Mercedes agrees 1.5 billion dollar settlement in US
Mercedes parent company Daimler AG has agreed a 1.5 billion USD settlement with US authorities over the emissions scandal. The 1.5 billion dollar settlement comprises 875,000,000 USD in civil penalties, some 70,300,000 USD in other penalties, 100,000,000 USD for ‘mitigation projects’ in California and 436,000,000 USD to pay for the recall programme and mitigation projects across other states.
The settlement follows civil claims filed in the District of Columbia by the US and California Air Resources Board which reports that from 2009 to 2016 Daimler manufactured, imported, and sold more than 250,000 diesel Sprinter vans and passenger cars with defeat devices programmed into the vehicles’ emissions control software.
The United States Department of Justice has announced that Daimler will have to set up a recall and repair program to remove all defeat devices from the affected vehicles at no cost to consumers and bring the vehicles into compliance with applicable emissions standards under the US Clean Air Act.
Affected Mercedes vehicles will be given a software update and replacement of select hardware. Furthermore, Daimler must repair at least 85% of the affected passenger cars within two years and at least 85% of the affected vans within three years. The company has been ordered to offer an extended warranty covering all updated software and hardware, and it must test repaired vehicles each year for the next five years to ensure that the vehicles continue to meet emissions standards over time. Hard-hitting penalties will be given to Daimler if any category of updated vehicles fails to meet applicable emissions standards or if it fails to adhere to the 85% recall rate for passenger cars or vans.
This settlement in the US brings a sense of confidence to Versus Law Solicitors who have started to build a claim and are inviting thousands of Mercedes-Benz vehicle owners in the United Kingdom to get involved and/or register their interest now to join the action. The decision and recent pay outs to owners in the US should leave potential claimants and Mercedes-Benz owners more assured than ever that the courts will rule in their favour.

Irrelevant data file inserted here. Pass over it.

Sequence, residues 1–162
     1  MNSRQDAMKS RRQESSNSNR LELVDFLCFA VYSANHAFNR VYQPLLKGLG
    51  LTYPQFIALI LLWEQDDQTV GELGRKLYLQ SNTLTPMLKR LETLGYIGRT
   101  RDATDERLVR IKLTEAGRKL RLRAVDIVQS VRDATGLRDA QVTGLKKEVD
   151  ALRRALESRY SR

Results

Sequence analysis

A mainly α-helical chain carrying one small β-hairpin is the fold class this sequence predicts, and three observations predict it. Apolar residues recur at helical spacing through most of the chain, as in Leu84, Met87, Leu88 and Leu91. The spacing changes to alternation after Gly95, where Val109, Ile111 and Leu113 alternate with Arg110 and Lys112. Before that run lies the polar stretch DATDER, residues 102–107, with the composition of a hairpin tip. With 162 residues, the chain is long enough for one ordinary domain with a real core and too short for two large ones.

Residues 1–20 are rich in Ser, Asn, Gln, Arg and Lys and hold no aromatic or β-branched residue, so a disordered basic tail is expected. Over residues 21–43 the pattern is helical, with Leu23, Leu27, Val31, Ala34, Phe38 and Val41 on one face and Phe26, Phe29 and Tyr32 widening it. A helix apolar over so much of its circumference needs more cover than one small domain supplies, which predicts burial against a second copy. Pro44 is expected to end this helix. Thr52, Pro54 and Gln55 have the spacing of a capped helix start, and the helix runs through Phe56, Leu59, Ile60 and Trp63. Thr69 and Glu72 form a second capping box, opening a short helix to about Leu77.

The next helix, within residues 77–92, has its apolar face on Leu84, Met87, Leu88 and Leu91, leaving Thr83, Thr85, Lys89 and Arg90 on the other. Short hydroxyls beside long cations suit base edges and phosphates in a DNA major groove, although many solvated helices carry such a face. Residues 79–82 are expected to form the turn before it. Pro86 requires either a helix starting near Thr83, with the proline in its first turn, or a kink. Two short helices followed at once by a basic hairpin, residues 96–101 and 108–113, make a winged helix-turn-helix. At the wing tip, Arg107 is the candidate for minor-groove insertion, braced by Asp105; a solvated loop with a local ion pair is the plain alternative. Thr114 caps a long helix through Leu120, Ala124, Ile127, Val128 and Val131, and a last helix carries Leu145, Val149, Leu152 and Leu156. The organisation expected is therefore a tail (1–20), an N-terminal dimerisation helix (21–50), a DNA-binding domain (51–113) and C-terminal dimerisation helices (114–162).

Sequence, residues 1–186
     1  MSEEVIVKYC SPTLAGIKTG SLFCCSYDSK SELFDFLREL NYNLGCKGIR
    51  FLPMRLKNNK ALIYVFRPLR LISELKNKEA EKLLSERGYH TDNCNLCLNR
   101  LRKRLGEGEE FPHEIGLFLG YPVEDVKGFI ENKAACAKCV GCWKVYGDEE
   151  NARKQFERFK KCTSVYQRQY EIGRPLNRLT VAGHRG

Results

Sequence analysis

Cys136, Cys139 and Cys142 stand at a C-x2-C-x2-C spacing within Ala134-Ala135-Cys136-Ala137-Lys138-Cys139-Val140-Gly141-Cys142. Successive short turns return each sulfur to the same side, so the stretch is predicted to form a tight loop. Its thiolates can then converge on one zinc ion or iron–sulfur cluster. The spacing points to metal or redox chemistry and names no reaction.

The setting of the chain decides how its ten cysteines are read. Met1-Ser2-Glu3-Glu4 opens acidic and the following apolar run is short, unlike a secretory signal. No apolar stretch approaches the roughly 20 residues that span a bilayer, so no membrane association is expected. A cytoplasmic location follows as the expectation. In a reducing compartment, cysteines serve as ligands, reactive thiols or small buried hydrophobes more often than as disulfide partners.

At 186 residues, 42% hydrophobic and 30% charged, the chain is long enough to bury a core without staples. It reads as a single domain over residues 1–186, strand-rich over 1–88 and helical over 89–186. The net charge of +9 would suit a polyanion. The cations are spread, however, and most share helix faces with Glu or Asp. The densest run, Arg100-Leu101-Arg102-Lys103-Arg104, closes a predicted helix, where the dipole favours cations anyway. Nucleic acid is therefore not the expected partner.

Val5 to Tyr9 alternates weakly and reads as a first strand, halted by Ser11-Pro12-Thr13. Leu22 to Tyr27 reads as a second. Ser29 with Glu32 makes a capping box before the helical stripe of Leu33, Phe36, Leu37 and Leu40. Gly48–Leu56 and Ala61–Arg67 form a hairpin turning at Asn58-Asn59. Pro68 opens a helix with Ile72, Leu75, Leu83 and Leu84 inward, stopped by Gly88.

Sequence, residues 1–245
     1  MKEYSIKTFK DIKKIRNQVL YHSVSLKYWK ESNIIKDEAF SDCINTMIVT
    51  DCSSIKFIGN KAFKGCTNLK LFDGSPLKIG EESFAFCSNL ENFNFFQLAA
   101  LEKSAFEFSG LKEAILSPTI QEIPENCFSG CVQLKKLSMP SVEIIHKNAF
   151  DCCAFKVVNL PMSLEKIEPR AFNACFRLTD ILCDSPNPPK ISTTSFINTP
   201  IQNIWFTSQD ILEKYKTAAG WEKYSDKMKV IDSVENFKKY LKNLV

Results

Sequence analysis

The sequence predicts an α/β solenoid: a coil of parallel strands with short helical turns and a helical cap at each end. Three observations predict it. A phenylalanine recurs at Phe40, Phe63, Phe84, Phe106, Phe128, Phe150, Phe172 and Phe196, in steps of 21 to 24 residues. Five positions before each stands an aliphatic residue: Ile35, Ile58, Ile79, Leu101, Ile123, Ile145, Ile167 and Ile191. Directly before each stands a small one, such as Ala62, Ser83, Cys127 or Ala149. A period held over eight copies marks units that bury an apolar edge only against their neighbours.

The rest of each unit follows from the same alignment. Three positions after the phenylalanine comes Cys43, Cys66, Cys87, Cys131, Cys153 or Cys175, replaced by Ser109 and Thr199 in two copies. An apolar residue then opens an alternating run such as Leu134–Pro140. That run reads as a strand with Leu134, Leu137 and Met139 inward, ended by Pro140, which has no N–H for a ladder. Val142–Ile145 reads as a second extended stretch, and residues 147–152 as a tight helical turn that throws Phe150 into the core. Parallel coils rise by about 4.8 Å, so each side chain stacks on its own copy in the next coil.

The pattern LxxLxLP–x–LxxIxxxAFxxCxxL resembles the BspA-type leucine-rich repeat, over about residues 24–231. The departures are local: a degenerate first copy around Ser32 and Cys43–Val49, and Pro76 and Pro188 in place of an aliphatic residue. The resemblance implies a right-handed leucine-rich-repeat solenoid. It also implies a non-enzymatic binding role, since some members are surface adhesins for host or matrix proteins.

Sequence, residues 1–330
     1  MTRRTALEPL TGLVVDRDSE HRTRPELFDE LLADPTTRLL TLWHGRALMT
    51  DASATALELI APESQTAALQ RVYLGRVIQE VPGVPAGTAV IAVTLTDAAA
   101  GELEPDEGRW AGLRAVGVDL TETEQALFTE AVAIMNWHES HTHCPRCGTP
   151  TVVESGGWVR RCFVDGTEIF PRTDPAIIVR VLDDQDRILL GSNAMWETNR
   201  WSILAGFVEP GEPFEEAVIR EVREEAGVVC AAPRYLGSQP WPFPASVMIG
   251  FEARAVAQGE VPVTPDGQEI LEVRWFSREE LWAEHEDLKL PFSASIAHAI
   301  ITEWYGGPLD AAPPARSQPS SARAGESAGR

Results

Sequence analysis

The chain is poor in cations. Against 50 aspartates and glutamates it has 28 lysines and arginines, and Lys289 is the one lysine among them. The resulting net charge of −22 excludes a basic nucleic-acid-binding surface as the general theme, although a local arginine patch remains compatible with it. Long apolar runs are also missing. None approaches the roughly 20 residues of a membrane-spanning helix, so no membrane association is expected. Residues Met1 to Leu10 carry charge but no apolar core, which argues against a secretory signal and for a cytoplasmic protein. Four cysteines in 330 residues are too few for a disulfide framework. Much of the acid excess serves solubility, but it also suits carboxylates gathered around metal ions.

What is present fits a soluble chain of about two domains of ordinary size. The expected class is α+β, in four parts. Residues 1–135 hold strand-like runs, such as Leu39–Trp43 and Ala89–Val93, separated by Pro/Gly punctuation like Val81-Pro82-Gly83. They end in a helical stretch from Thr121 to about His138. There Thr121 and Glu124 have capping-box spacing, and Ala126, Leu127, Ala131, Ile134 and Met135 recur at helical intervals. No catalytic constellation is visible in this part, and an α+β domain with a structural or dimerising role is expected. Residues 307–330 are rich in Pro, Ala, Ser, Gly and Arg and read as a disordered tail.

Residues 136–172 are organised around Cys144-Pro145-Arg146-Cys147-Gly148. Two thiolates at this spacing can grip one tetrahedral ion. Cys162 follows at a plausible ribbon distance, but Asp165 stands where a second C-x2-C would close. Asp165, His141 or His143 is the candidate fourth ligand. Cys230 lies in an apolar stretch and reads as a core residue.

The issues in the Mercedes-Benz case are similar to the issues raised in the ongoing Volkswagen litigation which has seen HHJ Waksman, alumni of both Manchester and Oxford Universities, in the High Court, in accordance with UK and EU law, determine that the software code hidden deep within the affected vehicles amount to an unlawful ‘defeat device’. This decision along with the decision in the Court of Appeal’s refusal to allow Volkswagen permission to appeal is a clear indication that the court is overwhelmingly likely to rule in their favour. In refusing Volkswagen’s permission to appeal, the experienced judge described their arguments as ‘completely irrelevant, hopeless and highly flawed’, demonstrating that Volkswagens defence is not robust enough for the High Court.
The news is encouraging for claimants who have and are looking to join the group litigation with Versus Law against Mercedes-Benz. The settlement brings optimism to all affected owners. Versus Law now looks forward to achieving a good result for Mercedes drivers who have joined our group claim in the UK. However, there is still time for other Mercedes drivers who believe their cars may have been similarly affected, to join the claim.